Analogies & Narratives

A primary aim of Global ESD is to translate the on-going and increasingly synthesized insights from the human sciences into mid-level language that becomes more immediately meaningful and helpful to teachers and students. In other words, we aim to tranlate science into meaningful narratives, thus cultivating in learners the competency to notice and apply concepts across domains and in novel contexts encountered in the real world. The latter competency is the primary concern of fields studying transfer of learning, analogical reasoning, and intuitive decision making. They highlight the need for continuous engagement and reflection for concepts to become intuitive and readily retrieved in novel contexts (Harrison & Treagust, 2006; Haskell, 2001; Kahneman & Klein, 2009).

One set of tools that educators use to cultivate these transfer skills is the engagement with analogies, metaphors, models and narratives. These are equally important and prevalent in science communication. Important in the engagement with and reflection on analogies is the explicit mapping of similarities and differences between analogous phenomena, particularly in terms of principles, processes and behaviors as opposed to mere surface features (Glynn, 2008; Harrison & Treagust, 2006).

Continuous engagement with analogy mappings across content material helps train students’ understanding of the nature of higher-level principles studied in models and experiments, and the diversity of context-specific instantiations of these principles found in the real world.

Therefore, across content materials of everyday ethology, human science research, NetLogo models and real-world sustainability issues, we develop pedagogical activities that should help students link observed phenomena to generalized principles of human behavioral ecology, such as the interactions between conditions, behaviors, and outcomes (Hayes et al., 2017; Ciarrochi et al., 2016), principles of moral psychology (Haidt, 2007), processes of psychological flexibility (Kashdan, 2010; Hayes, Strosahl, & Wilson, 2012), principles of human cooperation (Wilson, Ostrom, & Cox, 2013), and the behavioral dynamics guiding human social interactions (Bowles & Gintis, 2011).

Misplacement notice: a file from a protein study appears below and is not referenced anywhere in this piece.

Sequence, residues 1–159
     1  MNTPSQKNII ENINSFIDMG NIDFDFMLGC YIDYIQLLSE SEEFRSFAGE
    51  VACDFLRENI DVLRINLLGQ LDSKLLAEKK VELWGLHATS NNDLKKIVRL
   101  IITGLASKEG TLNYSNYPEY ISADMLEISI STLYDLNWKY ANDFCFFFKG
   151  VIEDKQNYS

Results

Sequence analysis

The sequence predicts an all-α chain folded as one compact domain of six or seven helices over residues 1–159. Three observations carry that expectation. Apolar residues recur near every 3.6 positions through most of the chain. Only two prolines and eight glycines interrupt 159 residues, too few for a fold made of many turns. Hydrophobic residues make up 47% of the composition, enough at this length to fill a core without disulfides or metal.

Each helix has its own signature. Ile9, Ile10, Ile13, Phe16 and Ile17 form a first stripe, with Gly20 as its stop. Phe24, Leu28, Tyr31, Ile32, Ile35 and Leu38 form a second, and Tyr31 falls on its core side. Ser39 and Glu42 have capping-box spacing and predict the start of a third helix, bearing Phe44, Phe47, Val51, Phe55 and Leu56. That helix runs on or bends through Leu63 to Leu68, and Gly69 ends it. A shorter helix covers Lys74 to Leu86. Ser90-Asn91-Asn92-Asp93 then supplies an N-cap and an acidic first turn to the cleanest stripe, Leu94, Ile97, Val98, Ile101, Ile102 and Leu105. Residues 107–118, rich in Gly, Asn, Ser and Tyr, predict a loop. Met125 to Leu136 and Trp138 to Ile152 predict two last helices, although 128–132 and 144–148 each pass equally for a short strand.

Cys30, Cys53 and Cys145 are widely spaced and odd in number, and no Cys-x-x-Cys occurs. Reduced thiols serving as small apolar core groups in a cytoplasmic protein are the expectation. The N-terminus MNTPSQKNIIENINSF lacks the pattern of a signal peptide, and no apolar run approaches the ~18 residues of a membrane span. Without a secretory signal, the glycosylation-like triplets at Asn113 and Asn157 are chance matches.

Global ESD Web Analogies Intro

References

  • Bowles, S., & Gintis, H. (2011). A Cooperative Species. Human reciprocity and its evolution. Princeton, New Jersey, USA: Princeton University Press.
  • Ciarrochi, J., Atkins, P. W. B., Hayes, L. L., Sahdra, B. K., & Parker, P. (2016). Contextual positive psychology: Policy recommendations for implementing positive psychology into schools. Frontiers in Psychology, 7(OCT), 1–16. http://doi.org/10.3389/fpsyg.2016.01561
  • Glynn, S. M. (2008). Making science concepts meaningful to students: Teaching with analogies. In: S. Mikelskis-Seifert, U. Ringelband, & M. Brückmann (Eds.), Four Decades of Research in Science Education: From Curriculum Development to Quality Improvement (pp. 113–125). Münster, Germany: Waxmann.
  • Haidt, J. (2007). The New Synthesis in Moral Psychology. Science, 316(5827), 998–1002. http://doi.org/10.1126/science.1137651
  • Harrison, A. G. & Treagust, D. F. (2006). Teaching and Learning with Analogies: Friend or foe? In: Aubusson, P. J., Harrison, A. G., & Ritchie, S. M. (eds.). Metaphor and Analogy in Science Education. Dordrecht, The Netherlands: Springer. p. 11 - 24. https://link.springer.com/chapter/10.1007/1-4020-3830-5_2
  • Haskell, R. E. (2001). Transfer of Learning. Cognition, Instruction, and Reasoning. Academic Press.
  • Hayes, S. C., Strosahl, K. D., & Wilson, K. G. (2012). Acceptance and Commitment Therapy. The Process and Practice of Mindful Change (2nd ed.). New York, NY, USA: The Guilford Press.
  • Hayes, S. C., Sanford, B. T., & Chin, F. T. (2017). Carrying the baton: Evolution science and a contextual behavioral analysis of language and cognition. Journal of Contextual Behavioral Science, 6(3), 314–328. http://doi.org/10.1016/j.jcbs.2017.01.002
  • Kahneman, D., & Klein, G. (2009). Conditions for intuitive expertise: a failure to disagree. The American Psychologist, 64(6), 515–526. http://doi.org/10.1037/a0016755
  • Kashdan, T. B. (2010). Psychological Flexibility as a Fundamental Aspect of Health. Clin Psychol Rev., 30(7), 865–878. http://doi.org/10.1016/j.cpr.2010.03.001
  • Wilson, D. S., Ostrom, E., & Cox, M. E. (2013). Generalizing the core design principles for the efficacy of groups. Journal of Economic Behavior and Organization, 90, S21–S32. http://doi.org/10.1016/j.jebo.2012.12.010